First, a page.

A set of diagrams from Helmut Leitner (a software engineer in Graz, Austria) helps us grasp the wholeness-generating transformations. We reproduce his five-step graphical description from our book Algorithmic Sustainable Design.
1. Step-wise: Perform one adaptive step at a time.
Here we run into a problem with modern design education, which is based almost exclusively on perfunctory assembly and composition following a “program”, and then a nearly magical addition of “creative inspiration” all at once. This is, after all, what famous contemporary architects are thought to do, following the accepted myth of intuitive genius. It is very difficult to convince a young architecture student, for example, to design with one adaptive step at a time.
2. Reversible: Test design decisions using models; “trial and error”; if it doesn’t work, un-do it.
Another deep problem here, revealing the inadequacy of present-day design training: how does a practitioner judge whether a design “works” or not before it’s built? The only means of doing so is to use criteria of coherence and mutual adaptivity (or “co-adaptivity”), not abstract or formal (static) design. Otherwise, an architect has no means of judging if an individual design step has indeed led closer to an adaptive solution. As far as actually undoing a step because it leads away from wholeness, however, that is anathema to current image-based design thinking!
3. Structure-preserving: Each step builds upon what’s already there.
This has been the theoretical and philosophical underpinning of all of Alexander’s (and our) work. The most complex, yet adaptive and successful designs arise out of a sequence of co-adaptive steps and adjustments that preserve the existing wholeness. On the other hand, designs that arise all at once are for the most part simplistic, non-adaptive, and dysfunctional. A trivial algorithm cannot generate living structure. And even a single step away from wholeness can derail the system.
4. Design from weakness: Each step improves coherence.
Again, part of the same fundamental problem we already mentioned: how to identify the precise location where an evolving design happens to be “weak”. This can only be done on the basis of adaptivity and coherence, otherwise one risks privileging a non-adaptive component that looks “exciting” instead of sacrificing it to create an improved overall coherence. The dysfunctional Achilles Heel of many a contemporary design may make them photograph well!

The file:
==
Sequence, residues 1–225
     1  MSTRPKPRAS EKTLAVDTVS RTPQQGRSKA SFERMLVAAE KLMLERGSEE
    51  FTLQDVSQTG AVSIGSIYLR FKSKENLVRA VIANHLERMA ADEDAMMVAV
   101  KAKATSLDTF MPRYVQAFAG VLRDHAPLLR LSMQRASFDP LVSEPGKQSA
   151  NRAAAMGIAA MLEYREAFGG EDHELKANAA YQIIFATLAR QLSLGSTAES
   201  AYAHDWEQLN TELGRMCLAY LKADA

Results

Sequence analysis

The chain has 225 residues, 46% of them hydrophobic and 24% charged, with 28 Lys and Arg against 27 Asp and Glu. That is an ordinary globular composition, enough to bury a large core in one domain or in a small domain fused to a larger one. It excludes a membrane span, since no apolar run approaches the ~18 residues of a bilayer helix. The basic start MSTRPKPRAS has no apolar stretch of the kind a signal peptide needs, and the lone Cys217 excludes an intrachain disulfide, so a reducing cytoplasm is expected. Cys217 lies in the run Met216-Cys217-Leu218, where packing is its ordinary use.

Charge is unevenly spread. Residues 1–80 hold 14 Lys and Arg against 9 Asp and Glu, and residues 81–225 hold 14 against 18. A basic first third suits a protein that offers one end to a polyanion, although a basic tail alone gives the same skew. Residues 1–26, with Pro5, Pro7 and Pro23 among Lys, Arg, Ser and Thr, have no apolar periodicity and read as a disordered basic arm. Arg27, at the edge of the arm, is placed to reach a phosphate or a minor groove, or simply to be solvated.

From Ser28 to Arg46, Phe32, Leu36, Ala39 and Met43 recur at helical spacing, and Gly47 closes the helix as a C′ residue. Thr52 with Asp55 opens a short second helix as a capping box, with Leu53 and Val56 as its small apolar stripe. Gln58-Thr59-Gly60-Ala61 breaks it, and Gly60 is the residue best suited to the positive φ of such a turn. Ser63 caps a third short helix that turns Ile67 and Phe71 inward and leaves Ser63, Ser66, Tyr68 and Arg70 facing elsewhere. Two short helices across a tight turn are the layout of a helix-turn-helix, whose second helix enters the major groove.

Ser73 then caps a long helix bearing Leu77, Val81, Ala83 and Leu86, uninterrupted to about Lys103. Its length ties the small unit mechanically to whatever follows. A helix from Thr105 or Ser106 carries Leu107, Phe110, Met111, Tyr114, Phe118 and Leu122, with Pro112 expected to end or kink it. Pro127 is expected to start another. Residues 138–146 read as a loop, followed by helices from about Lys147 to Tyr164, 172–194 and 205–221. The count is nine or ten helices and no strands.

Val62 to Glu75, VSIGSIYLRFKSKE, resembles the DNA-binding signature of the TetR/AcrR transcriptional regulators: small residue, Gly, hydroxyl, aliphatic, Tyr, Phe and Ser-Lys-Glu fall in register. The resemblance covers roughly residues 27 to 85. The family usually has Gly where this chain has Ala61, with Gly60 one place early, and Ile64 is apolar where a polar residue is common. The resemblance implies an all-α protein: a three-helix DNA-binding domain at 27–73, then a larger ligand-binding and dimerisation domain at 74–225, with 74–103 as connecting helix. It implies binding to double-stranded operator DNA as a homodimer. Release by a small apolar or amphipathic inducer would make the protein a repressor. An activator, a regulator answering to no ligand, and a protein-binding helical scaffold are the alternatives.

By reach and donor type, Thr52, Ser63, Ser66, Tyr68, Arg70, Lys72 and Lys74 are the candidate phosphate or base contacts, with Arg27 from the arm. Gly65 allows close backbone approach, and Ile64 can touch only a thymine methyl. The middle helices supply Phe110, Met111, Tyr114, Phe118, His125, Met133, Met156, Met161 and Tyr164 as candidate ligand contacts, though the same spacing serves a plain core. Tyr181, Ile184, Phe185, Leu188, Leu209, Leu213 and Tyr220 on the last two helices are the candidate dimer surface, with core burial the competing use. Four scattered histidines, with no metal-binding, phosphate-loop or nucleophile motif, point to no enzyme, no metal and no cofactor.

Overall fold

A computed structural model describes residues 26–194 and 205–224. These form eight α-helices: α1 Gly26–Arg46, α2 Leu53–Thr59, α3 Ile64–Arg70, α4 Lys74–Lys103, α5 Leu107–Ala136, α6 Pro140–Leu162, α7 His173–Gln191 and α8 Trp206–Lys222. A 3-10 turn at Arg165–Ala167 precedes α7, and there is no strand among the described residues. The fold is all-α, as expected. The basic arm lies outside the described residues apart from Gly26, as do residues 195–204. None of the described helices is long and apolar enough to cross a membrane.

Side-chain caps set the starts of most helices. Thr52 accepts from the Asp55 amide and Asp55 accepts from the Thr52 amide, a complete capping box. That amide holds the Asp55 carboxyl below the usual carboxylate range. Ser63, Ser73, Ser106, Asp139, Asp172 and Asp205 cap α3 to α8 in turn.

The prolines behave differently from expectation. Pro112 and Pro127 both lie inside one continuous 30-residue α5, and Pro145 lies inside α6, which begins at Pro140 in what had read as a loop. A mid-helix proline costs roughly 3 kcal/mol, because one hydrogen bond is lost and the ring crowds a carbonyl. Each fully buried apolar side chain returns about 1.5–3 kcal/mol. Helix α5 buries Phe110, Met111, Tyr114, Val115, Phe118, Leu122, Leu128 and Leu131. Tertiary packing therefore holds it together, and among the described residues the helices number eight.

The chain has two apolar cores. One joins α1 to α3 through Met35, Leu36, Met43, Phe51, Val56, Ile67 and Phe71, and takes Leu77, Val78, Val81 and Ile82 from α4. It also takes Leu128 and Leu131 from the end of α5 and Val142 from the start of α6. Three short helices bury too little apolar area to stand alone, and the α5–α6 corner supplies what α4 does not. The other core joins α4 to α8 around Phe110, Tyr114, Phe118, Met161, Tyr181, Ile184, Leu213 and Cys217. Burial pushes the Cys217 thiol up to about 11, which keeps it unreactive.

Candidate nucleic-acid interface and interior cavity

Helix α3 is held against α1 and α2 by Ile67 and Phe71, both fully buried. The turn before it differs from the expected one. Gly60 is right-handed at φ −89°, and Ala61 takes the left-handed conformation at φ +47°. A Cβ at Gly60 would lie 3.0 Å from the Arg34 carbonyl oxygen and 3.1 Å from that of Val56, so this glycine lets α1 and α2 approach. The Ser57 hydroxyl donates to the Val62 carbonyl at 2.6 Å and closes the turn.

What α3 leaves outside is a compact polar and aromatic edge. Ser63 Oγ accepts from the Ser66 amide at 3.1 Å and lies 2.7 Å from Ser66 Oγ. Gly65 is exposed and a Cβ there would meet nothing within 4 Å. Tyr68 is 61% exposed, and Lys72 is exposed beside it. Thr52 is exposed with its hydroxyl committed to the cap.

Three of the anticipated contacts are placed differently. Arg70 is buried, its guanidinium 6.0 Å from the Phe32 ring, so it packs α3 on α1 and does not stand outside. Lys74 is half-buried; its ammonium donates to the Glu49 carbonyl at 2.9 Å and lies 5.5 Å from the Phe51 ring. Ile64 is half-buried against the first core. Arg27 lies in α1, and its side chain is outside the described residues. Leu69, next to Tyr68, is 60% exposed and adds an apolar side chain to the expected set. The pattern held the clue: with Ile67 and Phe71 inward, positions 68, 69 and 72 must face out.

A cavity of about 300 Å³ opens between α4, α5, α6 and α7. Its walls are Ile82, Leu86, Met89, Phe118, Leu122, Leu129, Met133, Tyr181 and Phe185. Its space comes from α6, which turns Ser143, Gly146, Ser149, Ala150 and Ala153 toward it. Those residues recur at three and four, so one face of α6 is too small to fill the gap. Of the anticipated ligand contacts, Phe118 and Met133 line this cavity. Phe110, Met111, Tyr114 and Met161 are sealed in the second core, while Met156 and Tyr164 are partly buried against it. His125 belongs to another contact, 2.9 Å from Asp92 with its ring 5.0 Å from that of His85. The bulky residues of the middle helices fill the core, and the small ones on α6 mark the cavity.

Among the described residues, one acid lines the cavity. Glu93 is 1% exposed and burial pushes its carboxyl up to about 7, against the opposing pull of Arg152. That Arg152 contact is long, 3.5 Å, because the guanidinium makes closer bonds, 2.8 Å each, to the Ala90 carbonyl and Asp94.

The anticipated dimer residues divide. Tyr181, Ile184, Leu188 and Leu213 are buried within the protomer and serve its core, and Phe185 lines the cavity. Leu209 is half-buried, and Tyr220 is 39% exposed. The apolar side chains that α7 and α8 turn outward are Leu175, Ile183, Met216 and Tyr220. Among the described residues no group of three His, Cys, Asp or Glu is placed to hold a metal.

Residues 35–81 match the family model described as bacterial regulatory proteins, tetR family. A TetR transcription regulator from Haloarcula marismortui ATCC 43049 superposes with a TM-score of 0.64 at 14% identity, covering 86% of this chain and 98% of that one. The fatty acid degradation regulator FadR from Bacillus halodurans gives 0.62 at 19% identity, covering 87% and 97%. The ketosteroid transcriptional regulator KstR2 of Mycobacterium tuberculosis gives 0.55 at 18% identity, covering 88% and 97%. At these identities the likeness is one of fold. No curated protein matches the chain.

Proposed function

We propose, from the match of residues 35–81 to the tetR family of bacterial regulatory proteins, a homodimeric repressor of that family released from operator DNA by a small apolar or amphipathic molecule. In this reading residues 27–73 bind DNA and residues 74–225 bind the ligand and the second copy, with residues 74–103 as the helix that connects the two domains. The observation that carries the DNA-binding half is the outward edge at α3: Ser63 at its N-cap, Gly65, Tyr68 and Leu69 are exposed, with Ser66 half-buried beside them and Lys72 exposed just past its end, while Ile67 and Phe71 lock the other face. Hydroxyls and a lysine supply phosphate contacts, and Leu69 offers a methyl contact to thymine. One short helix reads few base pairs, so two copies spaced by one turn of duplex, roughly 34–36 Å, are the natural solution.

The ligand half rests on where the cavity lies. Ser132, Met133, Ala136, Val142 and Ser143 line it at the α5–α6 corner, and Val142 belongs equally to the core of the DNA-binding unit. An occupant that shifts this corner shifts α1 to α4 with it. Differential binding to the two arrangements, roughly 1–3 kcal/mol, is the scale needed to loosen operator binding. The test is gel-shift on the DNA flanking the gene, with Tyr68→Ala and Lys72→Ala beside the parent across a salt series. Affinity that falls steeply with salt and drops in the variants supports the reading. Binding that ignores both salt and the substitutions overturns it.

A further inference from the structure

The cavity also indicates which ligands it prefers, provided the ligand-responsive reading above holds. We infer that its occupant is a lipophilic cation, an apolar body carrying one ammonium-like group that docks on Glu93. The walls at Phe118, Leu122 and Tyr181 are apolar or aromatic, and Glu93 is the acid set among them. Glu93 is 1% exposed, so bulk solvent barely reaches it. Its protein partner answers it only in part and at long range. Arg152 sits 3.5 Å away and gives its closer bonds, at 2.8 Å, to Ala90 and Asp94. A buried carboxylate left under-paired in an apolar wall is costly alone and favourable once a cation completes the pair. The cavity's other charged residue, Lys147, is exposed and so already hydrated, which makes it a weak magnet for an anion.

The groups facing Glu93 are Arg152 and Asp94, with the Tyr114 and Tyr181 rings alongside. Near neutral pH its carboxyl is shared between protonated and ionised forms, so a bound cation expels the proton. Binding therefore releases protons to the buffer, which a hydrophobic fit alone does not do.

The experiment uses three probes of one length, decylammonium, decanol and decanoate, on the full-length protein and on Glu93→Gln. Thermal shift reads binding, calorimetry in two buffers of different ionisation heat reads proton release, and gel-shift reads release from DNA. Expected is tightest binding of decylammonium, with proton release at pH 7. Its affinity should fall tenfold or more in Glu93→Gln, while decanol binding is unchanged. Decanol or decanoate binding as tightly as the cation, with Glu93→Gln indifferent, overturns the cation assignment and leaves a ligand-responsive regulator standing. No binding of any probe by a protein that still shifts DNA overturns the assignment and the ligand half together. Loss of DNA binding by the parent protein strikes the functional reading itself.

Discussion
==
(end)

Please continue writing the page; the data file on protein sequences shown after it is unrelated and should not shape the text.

5. New from existing: Emergent structure combines what is already there into new form.
As in the development of an embryo, or successive design improvements of a computer chip, a functionally complex system evolves through cumulative steps, changing and getting better and more complex and thus acquiring more advanced capabilities. We cannot emphasize sufficiently that designing from evolving wholeness will introduce features—asymmetries, symmetries, connections, new scales—that are inconceivable within an assembly approach to design.
If we put subject this work to Generative Process Analytics, what further insight reveals itself?
First we can map the G5 processes onto the diagrams as follows:
- Step-Wise = Construction
- Trial and Error = construction with a feedback loop. The system is reversible by an outside agent. However, we can enrichen this pattern dynamic by removing the conditions of reversibility — in which case, because the”trial form” provides feedback, but is irreversible, it’s agency is in forcing the agent to continually work with (adapt to) what is. This then creates the conditions for Autopoeisis.
- Structure-preserving = Development
- Design from Weakness - Evolution
- New from Existing = Emergence
In their article, the authors use these pattern dynamics to disentangle the problems of scale. With the G5 we can address the design of the design process itself — in other words, the G5 is a meta-methodology.
When we are speaking of architecture, or designing the built environment, we must be careful in identifying the locus of agency at different sub-systems in the design-build process. The cathedral as a structure my be responding to the agency of gravity as well as being subject to the agentic intervention of the builder, but the cathedral is not responding to or adapting to the larger socio-economic environment — the designer and builder are. The socio-economic presssures will “show up” or “determine” aspects of the final built structure, but there is a middle-man agent in between who feels the socio-economic pressures and the built structure itself.
We can illustrate the design-build process as follows:
Whitehead: Beauty is the mutual adaptation of the elements of experience.
Hartshorne: Mutual adaptation or harmony is not a sufficient condition of great value. There must also be intensity. And intensity depends upon contrast, the amount of diversity integrated into an experience.
Thus aesthetic value is formed in diversified, harmonious experiences. IOW, beauty is unity in variety.
In the illustration “design development” is associated with Whitehead’s “mutual adaptation” or “harmony” and “functional sophistication” with Hartshorne’s diversity — that is why the first is called “development” and the latter “evolving diversity”… development is the term used to convey increasing complexity-in-harmony/unity, evolution is the term used to convey increasing complexity-in-diversity (if the terms are used correctly).
(Note: what we see in mainstream integral theory is a developmental bias, even when using the term “evolution”.)
Because the designer-agent is enmeshed within an autopoeitic feedback-feedforward system with the socio-economic environment, the final design is not merely a synthesis of the functional and aesthetic values of the designer-agent– rather the final outcome is emergent (not traceable to discrete socio-economic environmental factors or identifiable events that in fact played a crucial role).